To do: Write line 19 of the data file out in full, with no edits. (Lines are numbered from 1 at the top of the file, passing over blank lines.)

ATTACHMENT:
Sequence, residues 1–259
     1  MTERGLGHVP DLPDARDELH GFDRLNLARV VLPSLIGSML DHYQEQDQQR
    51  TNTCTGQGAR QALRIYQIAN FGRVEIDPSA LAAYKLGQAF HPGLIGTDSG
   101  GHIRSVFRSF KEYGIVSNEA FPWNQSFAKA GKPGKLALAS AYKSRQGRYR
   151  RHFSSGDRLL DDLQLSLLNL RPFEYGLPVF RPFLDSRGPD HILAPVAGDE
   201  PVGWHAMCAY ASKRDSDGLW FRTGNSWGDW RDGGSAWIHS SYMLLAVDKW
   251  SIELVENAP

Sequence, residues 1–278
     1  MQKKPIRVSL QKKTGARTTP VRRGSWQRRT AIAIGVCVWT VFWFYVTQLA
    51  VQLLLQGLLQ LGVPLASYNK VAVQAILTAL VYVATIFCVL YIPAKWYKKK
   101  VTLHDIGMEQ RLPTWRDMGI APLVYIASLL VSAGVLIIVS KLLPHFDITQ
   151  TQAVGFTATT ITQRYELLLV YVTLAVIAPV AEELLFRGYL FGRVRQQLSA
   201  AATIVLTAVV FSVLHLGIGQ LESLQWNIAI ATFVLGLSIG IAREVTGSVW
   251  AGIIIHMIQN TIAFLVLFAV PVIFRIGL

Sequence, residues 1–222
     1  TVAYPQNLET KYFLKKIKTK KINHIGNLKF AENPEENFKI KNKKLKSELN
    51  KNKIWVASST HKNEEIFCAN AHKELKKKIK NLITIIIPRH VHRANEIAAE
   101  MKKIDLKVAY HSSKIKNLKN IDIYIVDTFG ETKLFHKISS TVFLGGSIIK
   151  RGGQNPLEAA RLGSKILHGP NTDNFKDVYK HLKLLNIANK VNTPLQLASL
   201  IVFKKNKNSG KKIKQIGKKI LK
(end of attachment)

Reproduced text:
   151  RGGQNPLEAA RLGSKILHGP NTDNFKDVYK HLKLLNIANK VNTPLQLASL